“I think the name of your venue speaks most impressively to that,” Garnett said. “While the additional space will allow you to entice a different set of events than what you previously been able to — the fact of the matter is that this will always have a grassroots feel. It will always need to have the support of the local community — not just for local civic events, but also for potential organizations that the community members belong to — that they want to bring the municipal league into their city because they are proud and they want to showcase their venue and their community.”

Addressing the fee schedule and the open catering policy, Garnett said the public will have to accept those changes but it should be gradual, which Jennings called a tiered approach.

Jennings said she felt very confident in working with Spectra to showcase what Roswell has to offer and recognizing the effort and time the company has spent traveling to Roswell from Philadelphia to tailor a proposal to the city.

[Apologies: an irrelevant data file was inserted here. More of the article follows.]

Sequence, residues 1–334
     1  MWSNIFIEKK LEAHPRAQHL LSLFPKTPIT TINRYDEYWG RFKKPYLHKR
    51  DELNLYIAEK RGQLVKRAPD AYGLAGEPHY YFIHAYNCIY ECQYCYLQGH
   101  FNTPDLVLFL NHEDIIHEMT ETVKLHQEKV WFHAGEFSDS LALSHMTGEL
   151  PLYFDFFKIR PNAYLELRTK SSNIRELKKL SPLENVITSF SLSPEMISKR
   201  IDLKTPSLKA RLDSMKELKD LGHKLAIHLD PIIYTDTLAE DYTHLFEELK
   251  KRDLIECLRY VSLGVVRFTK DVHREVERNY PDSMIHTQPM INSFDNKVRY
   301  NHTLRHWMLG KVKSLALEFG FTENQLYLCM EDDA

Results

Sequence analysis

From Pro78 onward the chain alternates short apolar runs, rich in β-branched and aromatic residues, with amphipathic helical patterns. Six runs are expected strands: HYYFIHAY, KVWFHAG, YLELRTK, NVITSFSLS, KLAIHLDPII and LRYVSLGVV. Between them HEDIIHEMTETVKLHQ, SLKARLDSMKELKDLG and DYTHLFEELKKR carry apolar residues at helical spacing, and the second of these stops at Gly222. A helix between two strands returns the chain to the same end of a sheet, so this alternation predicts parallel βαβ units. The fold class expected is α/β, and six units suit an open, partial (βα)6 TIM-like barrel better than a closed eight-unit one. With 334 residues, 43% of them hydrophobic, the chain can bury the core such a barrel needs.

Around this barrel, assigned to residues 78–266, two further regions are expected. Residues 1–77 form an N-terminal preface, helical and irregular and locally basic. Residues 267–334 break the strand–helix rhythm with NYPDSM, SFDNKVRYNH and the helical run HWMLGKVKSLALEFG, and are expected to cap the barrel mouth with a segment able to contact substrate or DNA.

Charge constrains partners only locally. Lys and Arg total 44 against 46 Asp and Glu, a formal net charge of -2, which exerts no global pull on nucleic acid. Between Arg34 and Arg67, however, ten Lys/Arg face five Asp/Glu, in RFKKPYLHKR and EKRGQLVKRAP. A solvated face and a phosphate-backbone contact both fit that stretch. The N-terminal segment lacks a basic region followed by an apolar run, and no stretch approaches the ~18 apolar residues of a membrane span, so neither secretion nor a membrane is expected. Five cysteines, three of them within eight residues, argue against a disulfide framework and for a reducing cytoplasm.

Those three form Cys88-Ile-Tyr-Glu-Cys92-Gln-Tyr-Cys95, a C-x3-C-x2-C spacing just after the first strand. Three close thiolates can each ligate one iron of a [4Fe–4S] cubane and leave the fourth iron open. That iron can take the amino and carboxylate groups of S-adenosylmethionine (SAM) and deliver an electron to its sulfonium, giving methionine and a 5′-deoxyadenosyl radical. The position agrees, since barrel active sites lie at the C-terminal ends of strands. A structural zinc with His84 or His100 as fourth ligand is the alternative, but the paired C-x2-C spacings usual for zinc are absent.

“Talking with the Las Cruces Convention Center, I think they have a really good working relationship (with Spectra),” Jennings said. “They also have national partners that can only enhance — not only the convention center opportunities but the City of Roswell promotional events as well.”

Roebuck said he was leery about sending wealth out of Roswell and Oropesa said he would like to see the shortest contract possible to test Spectra’s work. Best said she was excited for the company to bring more training to locals. Stubbs said she supported the plan and would like to see more marketing initiatives emphasized in the center’s operations.

“The fact that these people have the experience, the fact that they are running successful operations in Clovis, Las Cruces and obviously up in Rio Rancho, gives us hope that we can do the same and we can be the same beneficiary of their good management,” Councilor Henderson said after reflecting management in the past. “So, I am certainly for this and I look forward to the success of this convention center.”

City reporter Alison Penn can be reached at 575-622-7710, ext. 205, or at reporter04@rdrnews.com.